If you have questions about travel therapy or student loan repayment options for travel therapists, feel free to send us a message. We also have additional resources you can check out below!

If you’re interested in getting started as a travel therapist, check out our free Travel Therapy 101 Series and get connected with the best recruiters by filling out our Recruiter Recommendation form.

Related Articles:

Jared Casazza

Written by Jared Casazza, PT, DPT – Jared has been a traveling physical therapist since 2015. He has become an expert in the field of travel healthcare through his experience, research, and networking over nearly a decade.

Travel Therapist Student Loan Forgiveness

I’ve written a lot about student loan management and forgiveness over the last six years, so we often get question about student loans from new grads and travelers alike. One of my most recent articles on our FifthWheelPT blog was all about the student loan pause, its impact, and how I think it may end up playing out, which has gotten a lot of good feedback since publishing. After getting a few questions from prospective new grad travelers recently, I realized that I have written very little on this site specifically about student loans for travel therapists. In fact, the only article I’ve actually written about student loans on this site was about how Whitney and I managed to achieve a $0 monthly student loan payment while also paying $0 in federal taxes for several years as travelers while on an income driven repayment plan. Writing so little about student loans on this site is pretty crazy considering the primary motivating factor for most new travelers we talk to pursuing travel therapy is to make extra money to pay off student debt more quickly, or to save more money while working toward student loan forgiveness. Since some of the most common questions we get are about student loan forgiveness options for travel therapists, that should be a great place to start.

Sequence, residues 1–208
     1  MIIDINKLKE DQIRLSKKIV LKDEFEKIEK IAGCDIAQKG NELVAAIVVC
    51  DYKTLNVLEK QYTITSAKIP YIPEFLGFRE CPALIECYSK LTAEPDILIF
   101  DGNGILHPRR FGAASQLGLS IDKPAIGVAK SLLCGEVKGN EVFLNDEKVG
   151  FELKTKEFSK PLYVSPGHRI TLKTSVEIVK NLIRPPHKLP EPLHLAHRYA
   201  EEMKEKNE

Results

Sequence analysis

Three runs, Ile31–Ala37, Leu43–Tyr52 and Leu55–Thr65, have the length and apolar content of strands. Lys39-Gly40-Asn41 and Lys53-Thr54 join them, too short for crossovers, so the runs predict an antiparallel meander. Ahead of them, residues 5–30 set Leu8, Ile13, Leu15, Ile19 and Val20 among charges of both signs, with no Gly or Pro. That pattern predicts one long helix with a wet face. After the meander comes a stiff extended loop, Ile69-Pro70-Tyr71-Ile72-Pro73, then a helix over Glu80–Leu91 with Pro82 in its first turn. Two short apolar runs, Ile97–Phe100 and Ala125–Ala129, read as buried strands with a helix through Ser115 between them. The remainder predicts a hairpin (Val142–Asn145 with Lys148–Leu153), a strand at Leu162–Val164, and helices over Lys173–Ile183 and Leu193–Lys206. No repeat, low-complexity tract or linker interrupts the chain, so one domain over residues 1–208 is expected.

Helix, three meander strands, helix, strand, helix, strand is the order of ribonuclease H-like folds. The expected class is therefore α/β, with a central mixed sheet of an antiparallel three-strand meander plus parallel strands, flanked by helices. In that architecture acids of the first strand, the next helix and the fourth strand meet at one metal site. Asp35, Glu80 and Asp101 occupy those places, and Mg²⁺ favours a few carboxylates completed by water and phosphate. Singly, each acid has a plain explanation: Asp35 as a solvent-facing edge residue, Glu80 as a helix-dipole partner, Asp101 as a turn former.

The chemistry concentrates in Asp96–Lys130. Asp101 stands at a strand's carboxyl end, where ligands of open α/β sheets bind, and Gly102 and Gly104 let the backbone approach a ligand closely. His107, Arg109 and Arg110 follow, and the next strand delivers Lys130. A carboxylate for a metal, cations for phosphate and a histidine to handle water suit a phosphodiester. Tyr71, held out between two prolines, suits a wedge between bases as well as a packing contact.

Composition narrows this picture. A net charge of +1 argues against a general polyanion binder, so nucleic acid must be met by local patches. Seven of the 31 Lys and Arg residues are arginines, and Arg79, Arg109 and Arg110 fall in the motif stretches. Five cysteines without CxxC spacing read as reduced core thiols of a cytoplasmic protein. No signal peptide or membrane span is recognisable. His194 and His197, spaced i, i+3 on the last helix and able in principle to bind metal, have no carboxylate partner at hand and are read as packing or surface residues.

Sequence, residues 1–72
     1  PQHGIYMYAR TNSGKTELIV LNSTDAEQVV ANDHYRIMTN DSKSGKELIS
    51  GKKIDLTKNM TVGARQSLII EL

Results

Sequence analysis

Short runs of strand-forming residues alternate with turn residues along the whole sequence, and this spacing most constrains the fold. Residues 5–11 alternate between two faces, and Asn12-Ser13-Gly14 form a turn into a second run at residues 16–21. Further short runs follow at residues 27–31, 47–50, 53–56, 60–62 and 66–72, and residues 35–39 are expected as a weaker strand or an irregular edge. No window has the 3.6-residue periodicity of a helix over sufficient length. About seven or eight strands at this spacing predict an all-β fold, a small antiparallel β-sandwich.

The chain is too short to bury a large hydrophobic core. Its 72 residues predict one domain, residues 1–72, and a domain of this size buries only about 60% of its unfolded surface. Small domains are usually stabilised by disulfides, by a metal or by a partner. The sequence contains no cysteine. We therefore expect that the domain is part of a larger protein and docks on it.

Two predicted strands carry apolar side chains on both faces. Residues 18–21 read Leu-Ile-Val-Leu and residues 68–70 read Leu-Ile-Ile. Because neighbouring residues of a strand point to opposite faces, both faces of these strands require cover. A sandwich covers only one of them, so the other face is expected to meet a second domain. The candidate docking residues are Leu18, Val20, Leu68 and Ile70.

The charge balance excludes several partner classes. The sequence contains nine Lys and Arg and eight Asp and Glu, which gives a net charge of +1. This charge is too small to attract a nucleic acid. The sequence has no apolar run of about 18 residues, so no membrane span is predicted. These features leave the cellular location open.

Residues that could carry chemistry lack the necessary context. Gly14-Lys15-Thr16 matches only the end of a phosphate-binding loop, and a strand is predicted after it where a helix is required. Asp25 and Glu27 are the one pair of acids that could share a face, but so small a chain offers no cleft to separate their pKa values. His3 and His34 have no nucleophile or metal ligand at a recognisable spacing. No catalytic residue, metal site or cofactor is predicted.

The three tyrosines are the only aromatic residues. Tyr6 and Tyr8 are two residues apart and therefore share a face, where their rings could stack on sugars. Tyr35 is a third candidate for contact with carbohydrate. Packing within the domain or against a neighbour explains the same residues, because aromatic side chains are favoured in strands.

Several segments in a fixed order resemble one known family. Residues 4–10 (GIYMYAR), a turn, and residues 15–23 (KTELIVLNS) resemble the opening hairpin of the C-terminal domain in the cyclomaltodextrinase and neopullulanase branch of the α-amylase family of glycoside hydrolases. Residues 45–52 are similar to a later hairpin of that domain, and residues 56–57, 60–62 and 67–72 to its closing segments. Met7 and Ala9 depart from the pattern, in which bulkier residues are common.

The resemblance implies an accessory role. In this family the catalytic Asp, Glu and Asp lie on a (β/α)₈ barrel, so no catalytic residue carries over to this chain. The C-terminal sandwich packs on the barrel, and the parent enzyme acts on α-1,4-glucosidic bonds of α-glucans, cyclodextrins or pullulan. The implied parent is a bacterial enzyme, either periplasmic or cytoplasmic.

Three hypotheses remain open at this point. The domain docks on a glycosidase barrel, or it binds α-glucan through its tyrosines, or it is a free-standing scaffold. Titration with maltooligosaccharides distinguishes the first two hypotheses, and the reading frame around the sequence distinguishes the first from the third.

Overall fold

Student Loan Repayment and Forgiveness Basics

Therapists that contact us are often confused about what options they have as a student loan borrower. I can vividly remember spending dozens of hours reading and researching to figure out my options for repayment and potential forgiveness when I graduated seven years ago in 2015. In reality, it’s not nearly as complicated as I thought originally. The first thing to understand is that public and private student loans are different, and you may have either public, private, or a mix of both.

For private student loans, your options are very limited. You can either follow the standard repayment plan dictated by the lender, make larger or more frequent payments to get rid of the debt more quickly, or refinance with a different lender. Unfortunately for private student loans, the government student loan forgiveness programs are not an option, so it usually makes the most sense to refinance to get the lowest rate possible, and then pay off the loans as quickly as you can by making extra or larger payments.

For public (federal) student loans through the Department of Education, things get a little more complicated, but loan forgiveness becomes a possibility. For public student loans, you will choose one of the following:

  • Standard repayment plan: Equal monthly payments (based on your principle balance plus interest) each month for 10 years until loans are paid off. This is the most simple and straightforward repayment plan.
  • Graduated repayment plan: Payments start lower at the beginning and gradually increase over the course of 10 years until loans are paid off. This plan makes sense for those that expect to make more income as their career progresses and therefore want to save higher payments for later in order to start with lower payments as a new grad.